I was poor growing up – living with retired grandparents. My grandfather used to say, at the first of the month, he would go up one side of main street paying bills and down the other side apologizing. (for not having the money this month). My one regret is not having started a good savings habit early. I mean, I tried a few times, not realizing how vital it is – and I wound up spending it all on ’emergencies’ that came up. Starting out poor is difficult, no doubt. It is true that some people are too poor to find a job. To have a job, you have to already have transportation, clothes, food and shelter – at least a place to shower every other day, and do laundry. But once you have a job, please, save 1% of your income, at the very least. It will be worth whatever it takes to do that.
A little advice on jobs – find a job that fits you. Not everyone is capable of flipping burgers or being wait staff or even being a gas station attendant – those jobs are hard. Find something easy, like computer programming or quantum physics. The point is to find something you will be able to do that won’t burn you out in a couple weeks. You’ve got to be able to stick with it.
The standard goal of savings is to have in a readily accessible account, two months worth of expenses. Two months of housing, food, transportation, bills, clothing expenses saved up and not touched. After 20 plus years of working, I’m not sure that I have managed to achieve that level of savings, except in Retirement Accounts – and my retirement accounts are way behind where they should be for someone turning 50 in 9 months. My retirement will be difficult – but hopefully some of you reading or hearing this will be able to do a bit better than I have.
One of my top pieces of advice is to avoid banks. They do not have your best interest in mind. The individual bank employees may be willing and able to help you navigate the system, but if you falter, the penalties are mind numbingly oppressive. I found an old post in LiveJournal from 2009 where the bank arbitrarily raised my mortgage payment and I over drafted by Fifty Three Cents – and it cost me $102 in bank fees. Now, many financial establishments have it set up where your overdraft protection takes funds from your savings account automatically. But if you don’t have that cushion, they will penalize you for not having the money – by charging you more money. That is on top of giving you less interest if you have only a very little money – and other systemic penalties for being financially disadvantaged. Which is why I highly recommend using either a local credit union or some of the online-only financial intuitions.
Your local credit union can be very helpful in getting your savings going. You can direct deposit your paycheck into the member checking account and have an automatic transfer to your savings account. Having two month’s expenses in this savings account is really beneficial – if you can get there without using it. If you are like me, you need something a little more inconvenient to access, but just as easy to contribute to. This is where Acorns comes in – with Roundups! Some other online ‘banks’ and even credit unions are now using this clever method of keeping track of what you spend, and rounding each purchase up to the next dollar amount to siphon that off into your savings. This way, you will barely even notice what you are putting into your Acorns savings – and don’t have to keep an eye on it.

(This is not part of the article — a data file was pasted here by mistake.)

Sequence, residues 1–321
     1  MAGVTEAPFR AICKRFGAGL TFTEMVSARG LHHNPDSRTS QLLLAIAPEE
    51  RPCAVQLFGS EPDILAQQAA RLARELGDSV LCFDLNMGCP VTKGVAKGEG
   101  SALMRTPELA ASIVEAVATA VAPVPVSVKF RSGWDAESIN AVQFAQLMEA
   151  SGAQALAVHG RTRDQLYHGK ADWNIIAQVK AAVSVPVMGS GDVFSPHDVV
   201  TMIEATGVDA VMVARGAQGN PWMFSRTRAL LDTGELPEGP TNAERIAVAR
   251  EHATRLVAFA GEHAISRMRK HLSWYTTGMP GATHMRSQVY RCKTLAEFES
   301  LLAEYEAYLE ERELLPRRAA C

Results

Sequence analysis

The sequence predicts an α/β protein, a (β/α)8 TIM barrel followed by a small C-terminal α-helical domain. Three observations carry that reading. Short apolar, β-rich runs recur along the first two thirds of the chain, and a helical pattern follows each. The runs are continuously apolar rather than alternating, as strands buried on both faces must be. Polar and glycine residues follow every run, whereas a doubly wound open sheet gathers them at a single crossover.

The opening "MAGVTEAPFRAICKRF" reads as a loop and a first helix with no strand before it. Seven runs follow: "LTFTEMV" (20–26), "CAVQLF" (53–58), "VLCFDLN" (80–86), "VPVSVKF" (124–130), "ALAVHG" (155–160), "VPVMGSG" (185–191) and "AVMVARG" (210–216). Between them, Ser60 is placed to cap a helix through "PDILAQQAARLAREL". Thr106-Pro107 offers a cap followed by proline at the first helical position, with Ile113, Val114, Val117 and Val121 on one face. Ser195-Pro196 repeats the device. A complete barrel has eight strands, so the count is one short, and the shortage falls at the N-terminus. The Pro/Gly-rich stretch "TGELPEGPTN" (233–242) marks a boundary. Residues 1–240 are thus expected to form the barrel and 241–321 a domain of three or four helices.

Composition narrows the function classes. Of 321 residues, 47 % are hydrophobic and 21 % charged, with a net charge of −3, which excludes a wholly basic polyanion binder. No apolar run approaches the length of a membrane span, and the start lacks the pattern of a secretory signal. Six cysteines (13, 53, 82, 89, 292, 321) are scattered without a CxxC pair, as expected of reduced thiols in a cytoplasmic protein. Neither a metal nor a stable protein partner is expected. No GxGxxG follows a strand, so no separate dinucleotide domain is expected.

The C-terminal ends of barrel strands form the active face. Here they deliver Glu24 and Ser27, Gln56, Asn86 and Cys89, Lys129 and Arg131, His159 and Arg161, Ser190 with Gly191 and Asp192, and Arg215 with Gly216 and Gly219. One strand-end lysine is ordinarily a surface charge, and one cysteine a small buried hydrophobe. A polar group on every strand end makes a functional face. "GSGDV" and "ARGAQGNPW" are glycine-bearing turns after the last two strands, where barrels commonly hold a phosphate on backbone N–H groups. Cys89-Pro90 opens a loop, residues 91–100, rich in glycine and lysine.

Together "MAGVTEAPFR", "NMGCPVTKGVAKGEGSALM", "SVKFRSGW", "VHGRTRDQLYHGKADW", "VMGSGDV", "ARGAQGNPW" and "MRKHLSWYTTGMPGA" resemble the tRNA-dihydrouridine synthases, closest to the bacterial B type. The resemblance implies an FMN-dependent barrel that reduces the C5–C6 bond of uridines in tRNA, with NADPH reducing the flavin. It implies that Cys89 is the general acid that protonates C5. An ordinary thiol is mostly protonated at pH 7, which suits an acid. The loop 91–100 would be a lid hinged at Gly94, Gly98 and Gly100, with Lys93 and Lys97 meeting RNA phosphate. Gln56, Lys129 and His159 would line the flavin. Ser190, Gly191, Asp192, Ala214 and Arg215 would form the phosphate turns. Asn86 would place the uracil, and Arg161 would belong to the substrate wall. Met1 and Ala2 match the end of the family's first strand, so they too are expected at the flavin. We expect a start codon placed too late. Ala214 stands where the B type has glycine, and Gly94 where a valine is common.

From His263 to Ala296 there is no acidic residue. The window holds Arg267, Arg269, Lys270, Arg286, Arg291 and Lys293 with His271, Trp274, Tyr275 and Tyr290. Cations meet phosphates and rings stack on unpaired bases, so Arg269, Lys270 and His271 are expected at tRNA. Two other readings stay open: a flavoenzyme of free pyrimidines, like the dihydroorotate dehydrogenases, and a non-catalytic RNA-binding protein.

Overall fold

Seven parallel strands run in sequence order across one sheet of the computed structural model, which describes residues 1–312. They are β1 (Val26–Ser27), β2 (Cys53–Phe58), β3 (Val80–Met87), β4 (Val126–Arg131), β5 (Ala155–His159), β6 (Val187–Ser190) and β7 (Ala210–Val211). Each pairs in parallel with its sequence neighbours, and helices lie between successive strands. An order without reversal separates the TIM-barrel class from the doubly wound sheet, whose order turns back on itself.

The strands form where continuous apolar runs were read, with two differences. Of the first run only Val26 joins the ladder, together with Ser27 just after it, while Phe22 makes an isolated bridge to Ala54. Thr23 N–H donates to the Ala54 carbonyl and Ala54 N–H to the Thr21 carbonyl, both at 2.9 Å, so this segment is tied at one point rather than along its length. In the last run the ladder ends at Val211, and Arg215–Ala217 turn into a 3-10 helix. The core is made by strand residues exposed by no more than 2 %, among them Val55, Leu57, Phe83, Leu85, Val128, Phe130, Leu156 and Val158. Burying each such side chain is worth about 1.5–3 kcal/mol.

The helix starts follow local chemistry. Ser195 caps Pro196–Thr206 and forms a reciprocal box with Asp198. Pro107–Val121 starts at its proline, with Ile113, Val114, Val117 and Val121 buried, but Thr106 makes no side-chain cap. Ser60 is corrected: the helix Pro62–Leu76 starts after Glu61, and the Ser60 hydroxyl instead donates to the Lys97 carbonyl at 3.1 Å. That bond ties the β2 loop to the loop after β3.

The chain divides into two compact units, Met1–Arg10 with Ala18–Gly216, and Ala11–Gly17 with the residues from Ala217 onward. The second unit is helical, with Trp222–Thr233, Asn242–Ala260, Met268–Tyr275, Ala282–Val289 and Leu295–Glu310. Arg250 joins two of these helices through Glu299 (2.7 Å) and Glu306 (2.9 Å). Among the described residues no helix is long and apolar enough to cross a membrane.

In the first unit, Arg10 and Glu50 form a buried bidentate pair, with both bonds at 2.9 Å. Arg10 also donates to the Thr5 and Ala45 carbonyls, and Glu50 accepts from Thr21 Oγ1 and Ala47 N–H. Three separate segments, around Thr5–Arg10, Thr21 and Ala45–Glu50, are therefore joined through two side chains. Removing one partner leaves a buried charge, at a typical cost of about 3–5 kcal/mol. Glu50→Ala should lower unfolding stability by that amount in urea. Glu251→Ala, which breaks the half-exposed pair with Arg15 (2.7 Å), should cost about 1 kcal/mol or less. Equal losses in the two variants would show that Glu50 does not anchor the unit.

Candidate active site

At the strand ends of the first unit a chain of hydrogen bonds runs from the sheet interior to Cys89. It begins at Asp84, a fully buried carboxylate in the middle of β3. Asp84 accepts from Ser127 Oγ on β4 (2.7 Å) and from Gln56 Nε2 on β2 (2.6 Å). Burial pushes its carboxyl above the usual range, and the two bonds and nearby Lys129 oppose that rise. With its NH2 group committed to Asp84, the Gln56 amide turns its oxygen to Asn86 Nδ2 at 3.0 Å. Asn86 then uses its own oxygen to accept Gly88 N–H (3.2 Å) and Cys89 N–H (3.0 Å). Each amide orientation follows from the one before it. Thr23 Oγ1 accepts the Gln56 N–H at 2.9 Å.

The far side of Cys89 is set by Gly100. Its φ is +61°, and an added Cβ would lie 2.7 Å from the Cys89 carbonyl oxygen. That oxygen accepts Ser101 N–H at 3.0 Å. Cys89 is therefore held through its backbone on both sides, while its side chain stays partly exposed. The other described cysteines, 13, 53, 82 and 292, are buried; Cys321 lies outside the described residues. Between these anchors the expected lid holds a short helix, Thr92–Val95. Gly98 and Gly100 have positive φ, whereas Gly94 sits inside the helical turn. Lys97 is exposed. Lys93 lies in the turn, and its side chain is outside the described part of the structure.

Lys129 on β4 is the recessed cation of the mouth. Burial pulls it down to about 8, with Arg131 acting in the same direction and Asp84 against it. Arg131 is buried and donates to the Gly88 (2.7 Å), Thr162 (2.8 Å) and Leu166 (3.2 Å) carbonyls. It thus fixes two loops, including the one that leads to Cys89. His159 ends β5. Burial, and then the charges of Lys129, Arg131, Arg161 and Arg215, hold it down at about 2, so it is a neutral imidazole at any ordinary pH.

How best to keep track of your bills, expenses and savings? Well, there are a lot of places offering to do that – but Mint was one of, if not the, first to do so – and they did it so well, that Intuit bought them out! They do make their money by getting you offers on cards and loans and such, but you don’t have to. Sometimes, they do have really good offers on refinancing or balance transfer credit cards – but you shouldn’t rely on credit cards, and always try to pay them off every month. Anyway, Mint allows you to track your financial accounts, all in one place. You can’t do transfers or pay bills, but you can see your whole financial footprint in one place.
Another tool in my escaping poverty arsenal is Credit Karma. They started out as just a site offering you a free look at your credit score from each credit bureau, just for looking at ads for other financial services. But now they have their own checking and savings accounts – tucked away on their website, but not too difficult to find. I am now using their checking as my Daily Spend account. It is a checking account with a debit card – and I keep the account low so I don’t overspend on it. You can even set up an accounts tracker kind of like Mint on their site as well.
Those three places will help get you into good financial shape. However, if you are like me, having all your eggs in just three baskets isn’t enough of a diversified portfolio to keep your hands off of it. So, in addition to those three highly recommended places to start, I’ve also starting savings or investments with Aspiration (good for the environment!), Robinhood, and I even have a small investment at E-Trade. But investments are something to look into AFTER you have a good savings built up. Two months savings in your credit union account – and another two months in your Acorns account. Then, you can start a vacation savings account and finally, retirement accounts. Of course, if your job offers a retirement plan, especially if they have any matching at all – take full advantage of that! My company offers to match up to 3% – so I took advantage of it as soon as allowed (6 months employed, I think) – and just upped my contribution to 4%.